For years, Piper continued to contribute to the world of professional wrestling by commentating and working with Bobby Heenan. While being insulted by Heenan, Piper would take it to the physical level by beating up the clients he represented.

Roddy Piper won his first, and only championship at the 1992 Royal Rumble. After losing the title at WrestleMania 8, Piper appeared on World Championship Wrestling a few years later, and reignited his feud with Hulk Hogan.

Whether it was to host a Piper’s Pit, help get a wrestler over with the crowd, or just to slap someone, Piper remained a contributor to the business and was inducted to the WWE Hall of Fame in 2005.


Roddy Piper has had both leading and supporting roles in more than 30 films over the years of different genres. His on screen personality set him apart from other actors. When asked about casting Piper in They Live John Carpenter stated “Unlike most Hollywood actors, Roddy has life written all over him.”

Roddy Piper has appeared on the small screen in an episode of The Outer Limits, and showed his comedic side in two episodes of It’s Always Sunny in Philadelphia playing a character that was loosely based on himself.


Roddy Piper has also been on a celebrity episode of Wife Swap where his wife traded places with Rick Flair’s wife. With Piper’s home life being secluded and private, it was the first time the public saw what a good person he really was, and how much his family loved him.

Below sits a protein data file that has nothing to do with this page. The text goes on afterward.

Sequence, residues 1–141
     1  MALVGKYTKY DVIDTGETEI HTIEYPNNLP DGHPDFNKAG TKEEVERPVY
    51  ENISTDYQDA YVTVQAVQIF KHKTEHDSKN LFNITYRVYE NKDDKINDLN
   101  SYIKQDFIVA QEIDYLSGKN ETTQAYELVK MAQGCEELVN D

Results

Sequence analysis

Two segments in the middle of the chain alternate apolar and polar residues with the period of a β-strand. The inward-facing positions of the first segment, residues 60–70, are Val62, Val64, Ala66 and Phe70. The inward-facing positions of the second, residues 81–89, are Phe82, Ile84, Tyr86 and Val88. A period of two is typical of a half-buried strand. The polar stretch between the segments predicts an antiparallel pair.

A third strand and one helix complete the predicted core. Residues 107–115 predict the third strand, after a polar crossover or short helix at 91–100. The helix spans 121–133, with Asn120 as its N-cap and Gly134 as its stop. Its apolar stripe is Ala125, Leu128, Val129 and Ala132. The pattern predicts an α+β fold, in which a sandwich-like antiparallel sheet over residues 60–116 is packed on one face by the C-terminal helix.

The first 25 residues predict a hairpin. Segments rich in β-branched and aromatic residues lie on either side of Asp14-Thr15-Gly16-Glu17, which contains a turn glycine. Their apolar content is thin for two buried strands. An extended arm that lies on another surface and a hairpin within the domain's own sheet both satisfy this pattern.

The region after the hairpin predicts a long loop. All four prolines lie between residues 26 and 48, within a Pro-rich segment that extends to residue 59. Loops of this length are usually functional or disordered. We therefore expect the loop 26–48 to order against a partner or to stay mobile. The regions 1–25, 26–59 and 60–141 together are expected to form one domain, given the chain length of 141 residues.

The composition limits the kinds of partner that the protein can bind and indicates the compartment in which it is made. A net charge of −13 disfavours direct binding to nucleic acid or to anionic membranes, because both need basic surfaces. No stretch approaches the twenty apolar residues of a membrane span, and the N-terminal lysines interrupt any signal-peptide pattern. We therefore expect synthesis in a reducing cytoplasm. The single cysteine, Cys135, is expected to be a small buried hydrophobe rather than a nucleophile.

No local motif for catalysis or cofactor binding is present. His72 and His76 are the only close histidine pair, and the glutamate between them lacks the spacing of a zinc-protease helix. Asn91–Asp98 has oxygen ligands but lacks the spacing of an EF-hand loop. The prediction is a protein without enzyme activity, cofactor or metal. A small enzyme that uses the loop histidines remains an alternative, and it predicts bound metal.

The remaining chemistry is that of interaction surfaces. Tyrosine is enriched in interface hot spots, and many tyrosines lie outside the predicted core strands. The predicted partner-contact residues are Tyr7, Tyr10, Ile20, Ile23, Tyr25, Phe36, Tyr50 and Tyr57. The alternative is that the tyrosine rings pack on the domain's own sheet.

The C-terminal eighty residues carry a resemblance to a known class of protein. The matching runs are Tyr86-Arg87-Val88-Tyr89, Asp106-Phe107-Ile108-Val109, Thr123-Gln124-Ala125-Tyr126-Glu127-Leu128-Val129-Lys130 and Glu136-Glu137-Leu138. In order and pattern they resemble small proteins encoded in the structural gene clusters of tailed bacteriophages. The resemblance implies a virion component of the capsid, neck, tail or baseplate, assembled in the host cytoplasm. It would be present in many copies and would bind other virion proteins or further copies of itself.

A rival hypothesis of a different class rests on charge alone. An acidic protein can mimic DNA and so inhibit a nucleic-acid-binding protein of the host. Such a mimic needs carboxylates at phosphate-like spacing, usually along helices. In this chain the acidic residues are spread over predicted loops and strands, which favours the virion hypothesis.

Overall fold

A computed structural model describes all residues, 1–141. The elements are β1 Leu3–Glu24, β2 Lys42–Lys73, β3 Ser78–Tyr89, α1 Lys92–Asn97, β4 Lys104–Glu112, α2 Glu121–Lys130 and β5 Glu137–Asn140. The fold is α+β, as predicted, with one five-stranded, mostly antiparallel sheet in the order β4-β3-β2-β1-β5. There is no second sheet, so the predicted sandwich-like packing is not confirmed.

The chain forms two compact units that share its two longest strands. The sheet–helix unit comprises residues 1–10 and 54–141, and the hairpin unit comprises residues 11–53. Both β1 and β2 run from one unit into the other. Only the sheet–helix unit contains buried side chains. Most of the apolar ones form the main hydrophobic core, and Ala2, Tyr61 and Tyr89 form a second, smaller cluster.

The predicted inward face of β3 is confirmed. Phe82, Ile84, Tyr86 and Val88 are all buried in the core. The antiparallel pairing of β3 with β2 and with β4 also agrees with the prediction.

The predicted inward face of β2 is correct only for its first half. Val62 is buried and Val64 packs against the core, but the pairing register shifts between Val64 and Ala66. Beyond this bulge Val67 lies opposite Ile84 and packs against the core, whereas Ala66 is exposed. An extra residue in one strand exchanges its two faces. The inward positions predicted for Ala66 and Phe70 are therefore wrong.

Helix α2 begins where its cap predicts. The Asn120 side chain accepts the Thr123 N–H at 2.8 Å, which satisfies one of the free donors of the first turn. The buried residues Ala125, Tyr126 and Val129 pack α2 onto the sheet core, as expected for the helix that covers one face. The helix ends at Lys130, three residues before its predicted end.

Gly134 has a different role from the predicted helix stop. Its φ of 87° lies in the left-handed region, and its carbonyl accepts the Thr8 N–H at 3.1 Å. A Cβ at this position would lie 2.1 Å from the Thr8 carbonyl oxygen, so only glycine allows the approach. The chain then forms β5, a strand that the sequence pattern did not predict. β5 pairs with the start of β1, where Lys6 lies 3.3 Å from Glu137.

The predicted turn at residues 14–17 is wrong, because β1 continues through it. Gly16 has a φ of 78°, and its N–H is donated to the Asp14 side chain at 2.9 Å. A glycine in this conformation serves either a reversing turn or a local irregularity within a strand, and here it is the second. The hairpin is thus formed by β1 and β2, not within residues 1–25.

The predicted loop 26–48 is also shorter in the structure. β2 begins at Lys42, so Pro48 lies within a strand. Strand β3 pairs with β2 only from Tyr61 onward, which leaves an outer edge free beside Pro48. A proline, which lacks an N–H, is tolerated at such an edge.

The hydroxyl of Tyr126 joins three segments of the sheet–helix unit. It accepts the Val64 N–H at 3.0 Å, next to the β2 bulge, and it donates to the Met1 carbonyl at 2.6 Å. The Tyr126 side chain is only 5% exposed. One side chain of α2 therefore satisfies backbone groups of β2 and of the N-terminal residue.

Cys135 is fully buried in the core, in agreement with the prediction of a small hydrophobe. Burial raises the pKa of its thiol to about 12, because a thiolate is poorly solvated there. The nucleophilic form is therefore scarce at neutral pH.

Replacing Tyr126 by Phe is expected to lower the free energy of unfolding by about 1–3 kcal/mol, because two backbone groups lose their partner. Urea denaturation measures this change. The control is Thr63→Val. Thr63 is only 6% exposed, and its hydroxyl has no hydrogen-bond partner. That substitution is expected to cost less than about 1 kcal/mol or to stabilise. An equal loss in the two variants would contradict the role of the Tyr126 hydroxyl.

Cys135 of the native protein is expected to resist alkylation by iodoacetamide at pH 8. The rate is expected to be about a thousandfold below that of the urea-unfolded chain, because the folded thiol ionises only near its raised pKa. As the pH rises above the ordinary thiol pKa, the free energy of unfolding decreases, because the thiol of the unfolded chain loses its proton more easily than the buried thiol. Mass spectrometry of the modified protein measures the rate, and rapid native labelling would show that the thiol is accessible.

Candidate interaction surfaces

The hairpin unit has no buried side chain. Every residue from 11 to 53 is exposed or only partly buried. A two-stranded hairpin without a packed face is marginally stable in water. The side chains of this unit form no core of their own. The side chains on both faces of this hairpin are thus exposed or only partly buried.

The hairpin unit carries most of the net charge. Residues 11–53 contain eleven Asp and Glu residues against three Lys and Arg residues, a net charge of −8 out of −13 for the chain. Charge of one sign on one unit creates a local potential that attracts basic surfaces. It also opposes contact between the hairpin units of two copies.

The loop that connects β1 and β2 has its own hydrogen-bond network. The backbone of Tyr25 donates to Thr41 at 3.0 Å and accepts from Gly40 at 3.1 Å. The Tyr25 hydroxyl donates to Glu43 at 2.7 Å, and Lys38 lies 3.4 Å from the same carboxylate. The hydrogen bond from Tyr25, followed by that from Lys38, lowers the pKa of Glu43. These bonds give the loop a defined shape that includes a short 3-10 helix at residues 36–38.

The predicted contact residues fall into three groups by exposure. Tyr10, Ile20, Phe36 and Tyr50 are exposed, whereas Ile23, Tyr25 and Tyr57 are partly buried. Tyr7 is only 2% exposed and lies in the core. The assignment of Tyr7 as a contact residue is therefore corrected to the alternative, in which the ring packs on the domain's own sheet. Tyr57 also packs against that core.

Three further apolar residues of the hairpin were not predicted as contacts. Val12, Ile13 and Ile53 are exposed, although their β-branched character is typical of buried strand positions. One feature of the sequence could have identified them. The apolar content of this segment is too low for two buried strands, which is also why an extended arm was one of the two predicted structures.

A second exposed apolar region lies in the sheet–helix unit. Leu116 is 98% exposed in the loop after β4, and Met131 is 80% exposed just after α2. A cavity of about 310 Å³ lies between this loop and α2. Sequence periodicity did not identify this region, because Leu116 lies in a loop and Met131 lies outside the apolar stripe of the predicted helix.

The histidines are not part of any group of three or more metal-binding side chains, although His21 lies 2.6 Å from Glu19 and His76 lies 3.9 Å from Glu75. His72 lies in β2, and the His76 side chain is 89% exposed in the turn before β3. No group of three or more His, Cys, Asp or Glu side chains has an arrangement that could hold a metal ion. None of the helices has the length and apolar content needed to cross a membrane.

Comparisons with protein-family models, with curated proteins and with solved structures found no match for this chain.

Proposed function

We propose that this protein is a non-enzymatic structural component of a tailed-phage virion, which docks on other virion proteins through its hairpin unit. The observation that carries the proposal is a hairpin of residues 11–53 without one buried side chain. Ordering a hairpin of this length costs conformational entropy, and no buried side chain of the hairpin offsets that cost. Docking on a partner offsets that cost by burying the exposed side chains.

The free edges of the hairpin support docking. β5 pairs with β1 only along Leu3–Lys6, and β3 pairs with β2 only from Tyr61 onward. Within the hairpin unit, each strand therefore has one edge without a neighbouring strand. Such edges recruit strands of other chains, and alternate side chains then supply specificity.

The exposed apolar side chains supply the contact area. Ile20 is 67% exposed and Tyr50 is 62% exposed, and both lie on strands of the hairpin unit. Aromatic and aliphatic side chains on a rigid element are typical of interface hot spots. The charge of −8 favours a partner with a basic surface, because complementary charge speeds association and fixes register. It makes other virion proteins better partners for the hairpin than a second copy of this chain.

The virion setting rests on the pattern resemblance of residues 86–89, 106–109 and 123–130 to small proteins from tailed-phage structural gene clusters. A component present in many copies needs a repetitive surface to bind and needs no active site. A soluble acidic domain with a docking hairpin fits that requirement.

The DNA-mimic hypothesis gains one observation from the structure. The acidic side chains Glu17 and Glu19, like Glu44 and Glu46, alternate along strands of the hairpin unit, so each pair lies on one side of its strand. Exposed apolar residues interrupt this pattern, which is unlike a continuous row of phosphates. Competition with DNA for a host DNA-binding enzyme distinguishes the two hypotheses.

Considered to be one of the most obnoxious and hated stars professional wrestling has ever seen, Piper was loved by fans because he was entertaining. Roddy was full of life, energy, and was one of the most inspirational people on Earth.

Roddy Piper gave his friend Ronda Rousey permission to use his nickname. Ronda dedicated her UFC 190 title defense to his memory, and knocked out Bethe Correia in just 34 seconds in the first round.  Check out her post fight interview.

It was a privilege to write this article to honor the life of Roddy Piper. I have many fond memories of his work in professional wrestling, film, and television. He taught me how important it is to stay positive, and persevere through difficult situations in life in order to become successful.

Rest in Peace Hot Rod, you will be missed!




2 Comments on this post.

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  • Josh Millican
    1 August 2015 at 8:09 pm - Reply

    Wow! Thanks for such an insightful tribute. I feel like I know the man much better now, and this increases my appreciation for all of his accomplishments. My love to his family during this difficult time.

    He’s chewing bubblegum and kicking ass in Heaven now!

  • Anne B.
    1 August 2015 at 8:22 pm - Reply

    I laughed, I cried, it became a part of me.